I don’t often pay attention to American State of the Union addresses by any president, let alone this one, but since the Leafs were busy losing another hockey game and I was unmotivated to do much else, I sort of paid attention to what the guy was saying.
I was struck, in a positive way, by his frank and open admission that the United States is addicted to oil, and that it had to end its reliance on petroleum, since that fuel comes from mostly unstable parts of the world and is getting scarce and expensive.
Then he went on to outline a plan that increases research funding for cleaner fuels and hybrid and hydrogen-powered cars. I was impressed. Those would, indeed, be wonderful steps, and who better to lead the charge than the self-styled light of progress, the United States of America? Then he changed topics and went on to discuss other things: wars, the economy, health care.
Hold on! This is America, that uses 50% of the worlds energy! Creates most of the greenhouse emissions! And all he’s got to say is that clean fuels might be good?
You have to understand that I am in possession of a bit of an environmental mind. So, I went through my house, and counted the number of light bulbs. Not wattage. Just the actual number of bulbs. 16 in the basement. 31 on the main floor. 21 upstairs. 6 outside. That’s a lot of bulbs! 74, to be precise. And my house is a small one!
Let us pretend that I am very good at only having lights on in the rooms where I am, and turn them off when I leave. I am going to guess that on average, one fifth of the light bulbs in my house are on all day. That’s fifteen bulbs. Lets further assume that I use 60 watt lightbulbs, in an effort to conserve energy. Thats 900 watts of lightbulb in my house on average! 21.6 kilowatt hours per day. Jeeze.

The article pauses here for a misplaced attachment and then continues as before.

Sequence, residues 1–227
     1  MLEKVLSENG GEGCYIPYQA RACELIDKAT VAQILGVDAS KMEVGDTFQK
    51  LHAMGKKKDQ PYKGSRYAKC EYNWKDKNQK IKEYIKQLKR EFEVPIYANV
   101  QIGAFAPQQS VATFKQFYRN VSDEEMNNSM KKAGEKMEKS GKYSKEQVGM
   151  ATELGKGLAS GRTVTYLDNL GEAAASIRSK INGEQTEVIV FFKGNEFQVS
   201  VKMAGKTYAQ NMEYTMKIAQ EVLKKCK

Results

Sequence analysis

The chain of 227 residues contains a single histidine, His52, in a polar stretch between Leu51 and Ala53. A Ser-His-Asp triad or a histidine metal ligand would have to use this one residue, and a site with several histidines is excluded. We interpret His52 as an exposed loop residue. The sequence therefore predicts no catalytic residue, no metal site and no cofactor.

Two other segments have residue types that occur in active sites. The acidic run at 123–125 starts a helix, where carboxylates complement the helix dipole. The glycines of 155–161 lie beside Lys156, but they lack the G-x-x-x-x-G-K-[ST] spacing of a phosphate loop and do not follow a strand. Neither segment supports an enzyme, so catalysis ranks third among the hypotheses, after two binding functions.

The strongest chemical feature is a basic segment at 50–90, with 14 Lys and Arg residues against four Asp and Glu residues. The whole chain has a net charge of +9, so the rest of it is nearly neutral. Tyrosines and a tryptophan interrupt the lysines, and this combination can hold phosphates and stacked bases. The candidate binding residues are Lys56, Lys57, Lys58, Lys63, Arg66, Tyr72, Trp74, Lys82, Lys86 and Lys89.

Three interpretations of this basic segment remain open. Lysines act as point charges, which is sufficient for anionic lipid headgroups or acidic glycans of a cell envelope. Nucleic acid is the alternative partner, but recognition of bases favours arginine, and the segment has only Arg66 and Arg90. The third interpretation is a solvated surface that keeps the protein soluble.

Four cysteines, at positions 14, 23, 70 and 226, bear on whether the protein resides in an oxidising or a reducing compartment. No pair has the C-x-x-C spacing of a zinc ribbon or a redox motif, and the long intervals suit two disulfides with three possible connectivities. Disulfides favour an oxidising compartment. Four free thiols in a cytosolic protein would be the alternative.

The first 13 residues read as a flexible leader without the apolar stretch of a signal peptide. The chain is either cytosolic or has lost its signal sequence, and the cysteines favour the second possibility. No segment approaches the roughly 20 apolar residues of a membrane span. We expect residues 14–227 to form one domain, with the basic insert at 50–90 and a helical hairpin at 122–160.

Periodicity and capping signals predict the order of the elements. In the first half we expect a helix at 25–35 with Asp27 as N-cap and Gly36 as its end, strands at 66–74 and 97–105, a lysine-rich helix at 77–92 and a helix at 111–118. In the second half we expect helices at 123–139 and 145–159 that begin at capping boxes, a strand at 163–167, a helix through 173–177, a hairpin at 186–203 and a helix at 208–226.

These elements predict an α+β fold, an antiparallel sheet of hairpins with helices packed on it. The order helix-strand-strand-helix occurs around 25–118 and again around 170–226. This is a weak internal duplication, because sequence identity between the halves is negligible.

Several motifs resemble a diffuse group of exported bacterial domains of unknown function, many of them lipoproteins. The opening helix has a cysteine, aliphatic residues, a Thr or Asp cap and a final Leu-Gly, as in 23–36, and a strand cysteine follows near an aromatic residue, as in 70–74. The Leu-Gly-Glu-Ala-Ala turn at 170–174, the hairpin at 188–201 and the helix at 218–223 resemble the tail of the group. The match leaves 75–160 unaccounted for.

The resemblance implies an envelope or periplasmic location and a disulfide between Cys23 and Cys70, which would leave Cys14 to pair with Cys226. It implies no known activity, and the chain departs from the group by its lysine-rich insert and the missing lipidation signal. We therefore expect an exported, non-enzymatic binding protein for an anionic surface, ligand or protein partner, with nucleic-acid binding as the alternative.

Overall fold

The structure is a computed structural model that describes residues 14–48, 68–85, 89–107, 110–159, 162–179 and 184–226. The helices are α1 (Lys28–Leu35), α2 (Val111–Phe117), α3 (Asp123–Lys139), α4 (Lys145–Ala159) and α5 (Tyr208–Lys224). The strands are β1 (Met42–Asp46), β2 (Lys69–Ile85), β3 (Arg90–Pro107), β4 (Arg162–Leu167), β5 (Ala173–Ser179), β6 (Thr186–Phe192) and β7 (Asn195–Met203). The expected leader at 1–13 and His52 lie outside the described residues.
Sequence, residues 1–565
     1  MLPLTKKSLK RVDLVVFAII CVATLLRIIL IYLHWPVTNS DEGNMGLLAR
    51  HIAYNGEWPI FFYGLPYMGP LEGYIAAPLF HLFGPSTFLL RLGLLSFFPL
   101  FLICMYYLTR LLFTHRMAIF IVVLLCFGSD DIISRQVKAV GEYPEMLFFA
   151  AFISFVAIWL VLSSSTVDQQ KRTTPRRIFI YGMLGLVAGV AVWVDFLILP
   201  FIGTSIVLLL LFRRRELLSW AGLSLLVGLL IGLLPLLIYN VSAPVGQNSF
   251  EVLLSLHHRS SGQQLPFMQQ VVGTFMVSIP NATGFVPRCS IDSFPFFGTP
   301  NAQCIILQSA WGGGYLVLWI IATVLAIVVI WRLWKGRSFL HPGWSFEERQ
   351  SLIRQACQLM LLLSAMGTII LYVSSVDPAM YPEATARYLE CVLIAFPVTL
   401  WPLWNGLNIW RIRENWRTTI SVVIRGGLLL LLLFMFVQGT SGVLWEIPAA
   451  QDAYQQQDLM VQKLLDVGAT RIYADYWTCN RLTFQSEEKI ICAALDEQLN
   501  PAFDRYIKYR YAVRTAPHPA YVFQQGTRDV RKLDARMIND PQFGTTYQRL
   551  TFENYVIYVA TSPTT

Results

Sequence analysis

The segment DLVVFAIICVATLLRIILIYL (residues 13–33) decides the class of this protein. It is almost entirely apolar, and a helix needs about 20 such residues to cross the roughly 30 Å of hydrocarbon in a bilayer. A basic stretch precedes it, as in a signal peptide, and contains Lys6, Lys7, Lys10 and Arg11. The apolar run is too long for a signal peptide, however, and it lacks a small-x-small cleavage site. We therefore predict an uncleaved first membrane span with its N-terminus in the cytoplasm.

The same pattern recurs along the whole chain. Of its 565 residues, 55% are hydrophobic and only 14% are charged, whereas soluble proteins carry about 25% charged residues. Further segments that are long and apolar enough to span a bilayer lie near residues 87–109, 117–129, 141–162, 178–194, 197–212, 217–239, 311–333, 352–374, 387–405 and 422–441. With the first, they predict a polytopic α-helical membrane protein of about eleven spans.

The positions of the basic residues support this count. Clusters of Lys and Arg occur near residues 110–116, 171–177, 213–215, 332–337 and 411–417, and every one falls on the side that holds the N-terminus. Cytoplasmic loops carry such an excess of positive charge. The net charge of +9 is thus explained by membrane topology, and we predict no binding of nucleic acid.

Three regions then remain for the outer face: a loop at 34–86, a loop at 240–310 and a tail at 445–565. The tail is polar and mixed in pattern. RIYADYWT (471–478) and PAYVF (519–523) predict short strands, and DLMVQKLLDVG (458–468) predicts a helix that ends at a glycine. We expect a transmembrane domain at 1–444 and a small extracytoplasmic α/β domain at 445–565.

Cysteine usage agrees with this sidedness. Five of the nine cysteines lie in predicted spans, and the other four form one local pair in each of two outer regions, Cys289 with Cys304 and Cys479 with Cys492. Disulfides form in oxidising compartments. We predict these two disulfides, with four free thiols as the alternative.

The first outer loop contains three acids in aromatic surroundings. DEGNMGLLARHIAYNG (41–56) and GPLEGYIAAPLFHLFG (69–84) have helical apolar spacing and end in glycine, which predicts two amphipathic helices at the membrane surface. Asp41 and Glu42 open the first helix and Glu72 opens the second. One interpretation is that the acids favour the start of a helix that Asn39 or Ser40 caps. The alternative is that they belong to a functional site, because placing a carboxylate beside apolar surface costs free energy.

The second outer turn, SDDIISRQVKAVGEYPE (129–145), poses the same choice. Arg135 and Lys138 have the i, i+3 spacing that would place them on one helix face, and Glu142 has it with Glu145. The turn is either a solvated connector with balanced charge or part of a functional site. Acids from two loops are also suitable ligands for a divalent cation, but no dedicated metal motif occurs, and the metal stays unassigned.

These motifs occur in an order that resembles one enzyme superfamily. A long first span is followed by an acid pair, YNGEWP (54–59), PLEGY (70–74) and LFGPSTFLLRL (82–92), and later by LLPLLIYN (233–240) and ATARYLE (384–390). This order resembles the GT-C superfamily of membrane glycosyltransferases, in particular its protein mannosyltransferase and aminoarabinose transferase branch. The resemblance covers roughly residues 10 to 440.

We’re just talking lights here. Almost a 21.6 kilowatt hours of lights in the house of a mildly concerned individual. No mention of televisions, washers, dryers, kitchen appliances, computers, or anything else. And I was being pretty generous with myself. I probably leave more lights than that on.
I’m not going to dig further, but I think its obvious that clean energy is only half the battle here. If even half the battle. We need clean houses. Efficiency. There’s no way in hell a single house should be using 21.6 kilowatt hours per day in JUST LIGHTS. I’m at work for a 1/3 of the day and asleep for another 1/4!
Efficiency in use, not just production. If we can reduce the amount of energy we use by 50%, do we not automatically reduce the need to produce energy, and therefore greenhouse gasses, by a similar factor?
My numbers may be in error. I do not claim to be an expert on such things, but even I can see that hydrogen powered cars alone will not be enough to solve North America’s energy addiction.